So the editors don't have to ;) The six game match between Gary Kasparov and the Deep Junior program ended in a draw today. Kasparov won game 1 and lost game 3 to a blunder, while the other 4 games were drawn. While the quality of play was not outstanding, after the recent matches of Kramnik and Kasparov against commercial programs running on (high end) commodity hardware, it's becoming apparent that chess programs are getting quite competitive with top human players."

Human Chess vs. Machine Chess (3, Interesting)

Henry V .009 (518000) | more than 11 years ago | (#5259666)

I think that human chess is still qualitatively better than computer chess. Exhaustion was a big factor in this last match up. The computer didn't feel it, but Kasparov did. Therefore the outcome doesn't tell us much about the level of the chess. If Kasparov could have played fresh every game, my guess is that his chess would have been better.

Human chess has qualities that computer chess still can't match up to. If we were really interested in measuring the level of computer chess we'd try to eliminate for factors such as weariness or stress as best we could. After all, chess is something more than that. We already know that computers will out-endure humans and there is nothing to be learned there.

The AI behind it all (1)

Faile (465836) | more than 11 years ago | (#5259667)

Bruteforce. No really :)
The computer tries every possible move, when it's not using any of the built-in opening books, and predicts which is the most likely to win in the majority of the cases, and plays that.

I found a little more info here [aihorizon.com] , and a nice explanation of the "Minimax Game Tree" that's used when it tries to predict it all.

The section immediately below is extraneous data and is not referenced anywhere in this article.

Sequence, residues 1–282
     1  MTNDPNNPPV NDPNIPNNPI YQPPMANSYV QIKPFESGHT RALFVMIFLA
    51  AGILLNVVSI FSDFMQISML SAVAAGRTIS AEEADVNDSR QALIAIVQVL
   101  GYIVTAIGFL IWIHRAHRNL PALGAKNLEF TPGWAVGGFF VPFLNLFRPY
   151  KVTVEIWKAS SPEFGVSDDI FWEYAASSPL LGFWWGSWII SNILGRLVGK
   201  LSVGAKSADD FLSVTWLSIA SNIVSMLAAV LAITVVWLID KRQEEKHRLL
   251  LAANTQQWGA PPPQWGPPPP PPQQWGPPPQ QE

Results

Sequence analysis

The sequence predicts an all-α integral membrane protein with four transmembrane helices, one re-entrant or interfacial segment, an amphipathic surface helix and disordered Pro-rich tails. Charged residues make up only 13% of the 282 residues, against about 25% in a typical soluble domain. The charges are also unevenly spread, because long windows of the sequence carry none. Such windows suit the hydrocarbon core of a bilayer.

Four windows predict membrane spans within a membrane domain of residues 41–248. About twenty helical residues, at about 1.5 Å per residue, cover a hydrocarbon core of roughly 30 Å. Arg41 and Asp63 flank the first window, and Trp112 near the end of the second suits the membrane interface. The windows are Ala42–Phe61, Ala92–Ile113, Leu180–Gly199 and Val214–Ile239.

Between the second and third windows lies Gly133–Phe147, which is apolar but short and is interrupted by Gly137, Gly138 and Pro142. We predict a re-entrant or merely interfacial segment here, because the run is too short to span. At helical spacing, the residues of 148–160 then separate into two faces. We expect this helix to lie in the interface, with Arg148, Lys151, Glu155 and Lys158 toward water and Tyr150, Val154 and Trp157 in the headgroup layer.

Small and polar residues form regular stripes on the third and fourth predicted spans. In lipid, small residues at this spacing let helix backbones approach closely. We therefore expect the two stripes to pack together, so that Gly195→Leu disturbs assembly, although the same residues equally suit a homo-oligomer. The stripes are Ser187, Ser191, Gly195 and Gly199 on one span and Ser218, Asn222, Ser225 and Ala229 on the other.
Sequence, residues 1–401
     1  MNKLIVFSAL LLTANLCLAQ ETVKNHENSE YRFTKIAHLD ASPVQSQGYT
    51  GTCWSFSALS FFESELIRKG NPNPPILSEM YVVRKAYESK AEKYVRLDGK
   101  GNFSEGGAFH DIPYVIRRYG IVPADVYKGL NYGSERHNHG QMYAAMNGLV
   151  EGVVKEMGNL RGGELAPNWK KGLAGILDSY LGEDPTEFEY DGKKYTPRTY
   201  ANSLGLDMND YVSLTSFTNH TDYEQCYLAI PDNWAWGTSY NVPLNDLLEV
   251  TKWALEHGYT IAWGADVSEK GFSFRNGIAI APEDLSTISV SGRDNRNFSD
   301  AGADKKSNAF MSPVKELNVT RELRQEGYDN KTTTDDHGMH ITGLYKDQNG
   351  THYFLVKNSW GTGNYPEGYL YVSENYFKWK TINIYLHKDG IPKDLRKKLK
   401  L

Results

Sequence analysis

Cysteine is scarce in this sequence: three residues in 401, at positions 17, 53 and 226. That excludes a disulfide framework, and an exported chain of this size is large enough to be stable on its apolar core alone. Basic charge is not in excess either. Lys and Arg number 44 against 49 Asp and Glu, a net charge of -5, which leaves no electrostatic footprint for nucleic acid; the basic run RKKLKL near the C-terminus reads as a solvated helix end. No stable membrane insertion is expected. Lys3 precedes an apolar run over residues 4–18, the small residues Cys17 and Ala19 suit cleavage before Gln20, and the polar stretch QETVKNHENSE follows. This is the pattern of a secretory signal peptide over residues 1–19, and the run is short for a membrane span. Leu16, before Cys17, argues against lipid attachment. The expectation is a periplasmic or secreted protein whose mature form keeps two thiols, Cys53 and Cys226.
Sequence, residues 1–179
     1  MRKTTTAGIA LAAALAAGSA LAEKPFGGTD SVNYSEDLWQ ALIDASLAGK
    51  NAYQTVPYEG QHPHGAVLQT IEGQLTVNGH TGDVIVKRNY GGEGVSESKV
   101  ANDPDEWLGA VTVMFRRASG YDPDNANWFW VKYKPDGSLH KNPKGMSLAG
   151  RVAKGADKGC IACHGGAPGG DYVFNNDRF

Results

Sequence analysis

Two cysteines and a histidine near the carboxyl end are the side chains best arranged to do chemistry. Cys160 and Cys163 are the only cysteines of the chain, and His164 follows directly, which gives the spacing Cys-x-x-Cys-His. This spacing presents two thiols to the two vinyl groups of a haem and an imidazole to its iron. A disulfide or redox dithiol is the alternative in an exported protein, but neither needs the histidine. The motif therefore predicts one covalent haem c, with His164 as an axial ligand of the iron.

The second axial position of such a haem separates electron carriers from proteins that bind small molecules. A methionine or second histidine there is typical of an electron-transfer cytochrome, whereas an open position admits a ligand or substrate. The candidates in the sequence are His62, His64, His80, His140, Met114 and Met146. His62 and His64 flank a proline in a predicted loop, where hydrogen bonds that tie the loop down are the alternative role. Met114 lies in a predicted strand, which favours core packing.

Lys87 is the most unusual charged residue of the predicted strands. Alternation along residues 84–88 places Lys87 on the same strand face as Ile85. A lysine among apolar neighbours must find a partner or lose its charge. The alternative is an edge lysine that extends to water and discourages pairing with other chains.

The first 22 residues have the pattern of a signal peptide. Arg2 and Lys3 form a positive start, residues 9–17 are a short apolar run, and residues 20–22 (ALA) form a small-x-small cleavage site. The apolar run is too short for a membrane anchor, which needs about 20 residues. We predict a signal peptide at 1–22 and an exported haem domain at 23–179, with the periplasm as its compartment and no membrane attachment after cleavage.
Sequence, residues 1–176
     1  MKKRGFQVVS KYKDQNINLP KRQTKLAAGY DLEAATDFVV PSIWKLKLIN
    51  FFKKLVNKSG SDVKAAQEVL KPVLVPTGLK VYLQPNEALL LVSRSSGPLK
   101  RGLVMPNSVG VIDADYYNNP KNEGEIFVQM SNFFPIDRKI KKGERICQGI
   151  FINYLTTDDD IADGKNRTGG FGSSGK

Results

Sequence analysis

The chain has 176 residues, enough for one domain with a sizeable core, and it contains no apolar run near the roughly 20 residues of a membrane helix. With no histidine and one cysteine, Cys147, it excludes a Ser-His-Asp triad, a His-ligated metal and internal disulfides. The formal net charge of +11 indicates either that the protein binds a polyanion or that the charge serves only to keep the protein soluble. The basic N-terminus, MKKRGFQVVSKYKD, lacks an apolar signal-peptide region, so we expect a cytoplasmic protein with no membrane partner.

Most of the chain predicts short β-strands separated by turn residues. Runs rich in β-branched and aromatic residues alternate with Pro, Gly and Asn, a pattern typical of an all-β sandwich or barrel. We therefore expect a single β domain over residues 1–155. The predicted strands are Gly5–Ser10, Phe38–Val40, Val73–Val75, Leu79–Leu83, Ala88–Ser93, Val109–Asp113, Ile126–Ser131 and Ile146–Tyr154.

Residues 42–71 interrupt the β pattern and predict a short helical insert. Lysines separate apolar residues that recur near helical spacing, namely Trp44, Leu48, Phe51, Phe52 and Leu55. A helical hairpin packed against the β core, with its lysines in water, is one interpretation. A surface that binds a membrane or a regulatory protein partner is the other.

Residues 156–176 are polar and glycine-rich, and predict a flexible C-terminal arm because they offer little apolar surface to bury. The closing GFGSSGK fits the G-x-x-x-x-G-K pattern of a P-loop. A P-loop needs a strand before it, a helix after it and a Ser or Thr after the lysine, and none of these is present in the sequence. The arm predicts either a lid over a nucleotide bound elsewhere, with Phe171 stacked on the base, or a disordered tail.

yeah but... (1)

danratherfan (624592) | more than 11 years ago | (#5259669)

...they're still using brute force. i.e. - it's not the ai that's winning the matches as much as the processing power.

Say No. (-1, Offtopic)

Anonymous Coward | more than 11 years ago | (#5259670)

Just say no to troll crapflooders...

Brute force is competitive (0)

Anonymous Coward | more than 11 years ago | (#5259675)


Since when has brute force computer mathmatics been competetive ?

thats the beauty of humans, we might not be able to forsee all the possible combinations of a chess move, we dont have to because we are smart and computers are stupid

Atari Dies, yet Junior Holds It's Own (1)

ackthpt (218170) | more than 11 years ago | (#5259676)

An earlier post this morning indicated the demise of Atari (Midway West) games unit. Yet here a computer specifically designed to play a strategy game hold even.

It'll be a sad day when ...

June 11, 2012 ARMONK, NY IBM Corporation officially pulled the plug on its computer games divition.

Why did he offer a draw? (4, Interesting)

abhinavnath (157483) | more than 11 years ago | (#5259678)

Something of a chess novice, I watched this game on ESPN2 yesterday, and I was very confused that Kasparov offered Deep Junior a draw immediately after his rook sacrifice. ESPN's analyst thought, and I agreed, that Kasparov was in a relatively strong position. However Kasparov spent 15 minutes debating that sacrifice. Did he see something nobody else saw? Does anybody here know why he offered a draw, why Deep Junior rejected the offer, and why they agreed to draw a couple of moves later?